Libya, U.S. Probe Oil-Company Deals

Authorities in the U.S. and Libya are investigating oil giants such as Italy's Eni SpA and France's Total SA over their past relations with the fallen Libyan regime, potentially casting a cloud on the companies' ambitions to expand their foothold in the country with the largest oil reserves in Africa.

Last year, a civil war that toppled Libyan leader Col. Moammar Gadhafi nearly shut down the country's crude production, stressing global oil markets. But as oil-company operations return to normal, the probes may complicate the oil companies' business in the country.

A civil war nearly shut Libya's crude output last year. Pictured, rebels headed toward a refinery in August.

The Libyan general prosecutor's office is investigating "Libyan and foreign operators in Libya" for possible "financial irregularities," its deputy head, Abdelmajeed Saad, said in an interview.

In a March letter reviewed by The Wall Street Journal, the prosecutor's office formally asked the head of audit at Libya's National Oil Co. to supply oil-company documents. The letter mentions oil transactions between NOC and international traders Vitol Group and Glencore International PLC as examples of documents it is seeking. Though the Libyan probe focuses mostly on the Gadhafi era, the letter indicates that the request involving the traders includes the period of the country's civil war through the present.

The companies investigated also include Eni, the biggest foreign oil player in Libya, and Total, Mr. Saad said.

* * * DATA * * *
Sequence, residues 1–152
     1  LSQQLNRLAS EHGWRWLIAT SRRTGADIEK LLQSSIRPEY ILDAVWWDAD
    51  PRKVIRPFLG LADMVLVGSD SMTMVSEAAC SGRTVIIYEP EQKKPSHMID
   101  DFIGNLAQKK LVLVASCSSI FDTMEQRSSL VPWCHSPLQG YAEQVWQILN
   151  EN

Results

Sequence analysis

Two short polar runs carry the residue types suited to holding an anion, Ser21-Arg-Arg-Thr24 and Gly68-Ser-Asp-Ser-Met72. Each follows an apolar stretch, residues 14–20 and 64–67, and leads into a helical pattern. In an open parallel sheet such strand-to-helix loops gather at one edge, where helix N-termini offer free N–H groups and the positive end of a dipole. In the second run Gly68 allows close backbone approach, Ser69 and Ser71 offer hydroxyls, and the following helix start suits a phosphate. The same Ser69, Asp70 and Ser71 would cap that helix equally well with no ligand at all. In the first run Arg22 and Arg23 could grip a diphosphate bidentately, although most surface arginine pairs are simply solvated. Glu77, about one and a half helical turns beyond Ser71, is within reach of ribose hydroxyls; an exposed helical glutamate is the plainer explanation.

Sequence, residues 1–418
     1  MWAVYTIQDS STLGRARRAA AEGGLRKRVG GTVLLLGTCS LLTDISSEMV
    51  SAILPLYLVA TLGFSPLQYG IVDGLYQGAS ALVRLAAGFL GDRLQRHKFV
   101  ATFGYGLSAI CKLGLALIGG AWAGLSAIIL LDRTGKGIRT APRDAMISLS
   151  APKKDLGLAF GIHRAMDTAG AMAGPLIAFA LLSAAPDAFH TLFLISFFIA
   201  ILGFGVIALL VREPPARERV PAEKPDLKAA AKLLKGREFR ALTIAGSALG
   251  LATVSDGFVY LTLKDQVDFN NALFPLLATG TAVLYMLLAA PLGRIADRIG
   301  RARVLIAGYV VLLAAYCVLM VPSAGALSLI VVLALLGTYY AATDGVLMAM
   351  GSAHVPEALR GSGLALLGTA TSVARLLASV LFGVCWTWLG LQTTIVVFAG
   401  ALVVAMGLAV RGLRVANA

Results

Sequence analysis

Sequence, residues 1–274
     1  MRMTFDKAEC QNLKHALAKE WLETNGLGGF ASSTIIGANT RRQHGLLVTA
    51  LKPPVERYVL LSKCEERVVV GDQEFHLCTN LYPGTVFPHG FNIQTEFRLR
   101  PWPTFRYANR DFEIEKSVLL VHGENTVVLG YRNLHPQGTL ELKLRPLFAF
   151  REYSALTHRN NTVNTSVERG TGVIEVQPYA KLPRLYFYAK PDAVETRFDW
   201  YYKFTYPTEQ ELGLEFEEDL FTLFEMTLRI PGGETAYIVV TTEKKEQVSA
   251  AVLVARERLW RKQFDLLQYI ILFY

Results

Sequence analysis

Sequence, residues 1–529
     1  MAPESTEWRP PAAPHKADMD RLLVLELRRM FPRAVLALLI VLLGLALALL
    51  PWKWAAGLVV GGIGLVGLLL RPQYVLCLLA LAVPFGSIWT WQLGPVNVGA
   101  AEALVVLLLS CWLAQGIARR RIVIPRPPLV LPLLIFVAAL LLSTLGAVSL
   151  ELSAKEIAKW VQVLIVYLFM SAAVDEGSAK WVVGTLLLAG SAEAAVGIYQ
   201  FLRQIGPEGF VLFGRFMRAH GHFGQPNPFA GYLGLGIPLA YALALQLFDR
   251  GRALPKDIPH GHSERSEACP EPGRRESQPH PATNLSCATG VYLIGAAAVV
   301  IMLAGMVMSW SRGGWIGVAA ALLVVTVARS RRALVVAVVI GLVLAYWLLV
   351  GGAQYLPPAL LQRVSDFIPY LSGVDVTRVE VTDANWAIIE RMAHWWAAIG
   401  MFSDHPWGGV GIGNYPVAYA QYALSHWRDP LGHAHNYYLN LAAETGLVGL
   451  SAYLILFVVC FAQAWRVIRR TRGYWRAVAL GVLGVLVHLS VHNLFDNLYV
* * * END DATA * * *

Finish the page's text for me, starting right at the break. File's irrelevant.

Neither the letter nor the deputy prosecutor mentioned any specific allegations involving the companies they named.

NOC's marketing manager, Ahmed Shawki, confirmed that NOC and its dealings with foreign companies, in general, are "under investigation from the general attorney."

"NOC submitted all documents. [The prosecutor's office is] doing the right thing," said Mr. Shawki, who wasn't in charge of the company under the late Mr. Gadhafi. He said he did "everything according to the law," but declined to comment on the Gadhafi era.

NOC Chairman Nuri Berruien declined to comment.

News of the Libyan probe comes after the U.S. Securities and Exchange Commission sent formal requests to Eni and Total related to the companies' Libyan businesses. U.S. oil giant Marathon Oil Corp. also said in its annual SEC filing in February that it was asked to hand over documents about its Libyan operations.

Eni said in its recent annual filing with the SEC that the U.S. investigation is in connection with "certain illicit payments to Libyan officials, possibly violating the U.S. Foreign Corruption Practice Act." The Italian company said the request covered the period from 2008, when Eni and others renegotiated contracts in Libya, to early 2011, when the civil war erupted.

Total also recently disclosed a request from the SEC in a filing, but didn't elaborate, except to say other companies also had been targeted.

The SEC, Eni, Glencore and Marathon all declined to comment. Total and Vitol were unavailable for comment.

The new Libyan regime, which faces its first elections in June, is under pressure to shed light on oil deals under Mr. Gadhafi, whose overthrow was driven partly by discontent over alleged corruption.

Mr. Saad, of the general prosecutor's office, said that if wrongdoing is established "the fine will be at least double the amount of money" lost to the Libyan government. Also, "it will affect securing any future contract," he said.

The pressure might complicate any future negotiation for international oil companies in Libya, one of the few countries still open to foreign investment at a time when others are tightening the noose on Westerners or are off limits due to sanctions. Eni, which normally gets about 14% of its total production form Libya, wants to double that amount and invest between $30 billion and $35 billion in the coming decade.

(Source: Wall Street Journal)

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